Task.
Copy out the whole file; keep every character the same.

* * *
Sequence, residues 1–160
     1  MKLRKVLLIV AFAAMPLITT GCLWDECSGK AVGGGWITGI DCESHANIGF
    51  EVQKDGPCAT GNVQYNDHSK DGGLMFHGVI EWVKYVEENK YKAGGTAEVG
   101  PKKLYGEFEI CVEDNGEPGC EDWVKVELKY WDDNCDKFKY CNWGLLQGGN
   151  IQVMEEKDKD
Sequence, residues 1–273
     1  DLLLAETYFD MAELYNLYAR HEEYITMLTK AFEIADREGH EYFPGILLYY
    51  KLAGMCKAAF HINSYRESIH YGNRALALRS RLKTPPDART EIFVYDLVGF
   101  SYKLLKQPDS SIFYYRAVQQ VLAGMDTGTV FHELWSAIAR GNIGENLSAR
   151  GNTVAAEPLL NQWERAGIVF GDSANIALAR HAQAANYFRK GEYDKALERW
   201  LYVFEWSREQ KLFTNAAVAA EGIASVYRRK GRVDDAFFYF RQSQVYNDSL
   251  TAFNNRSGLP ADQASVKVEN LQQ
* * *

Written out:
Sequence, residues 1–160
     1  MKLRKVLLIV AFAAMPLITT GCLWDECSGK AVGGGWITGI DCESHANIGF
    51  EVQKDGPCAT GNVQYNDHSK DGGLMFHGVI EWVKYVEENK YKAGGTAEVG
   101  PKKLYGEFEI CVEDNGEPGC EDWVKVELKY WDDNCDKFKY CNWGLLQGGN
   151  IQVMEEKDKD
Sequence, residues 1–273
     1  DLLLAETYFD MAELYNLYAR HEEYITMLTK AFEIADREGH EYFPGILLYY
    51  KLAGMCKAAF HINSYRESIH YGNRALALRS RLKTPPDART EIFVYDLVGF
   101  SYKLLKQPDS SIFYYRAVQQ VLAGMDTGTV FHELWSAIAR GNIGENLSAR
   151  GNTVAAEPLL NQWERAGIVF GDSANIALAR HAQAANYFRK GEYDKALERW
   201  LYVFEWSREQ KLFTNAAVAA EGIASVYRRK GRVDDAFFYF RQSQVYNDSL
   251  TAFNNRSGLP ADQASVKVEN LQQ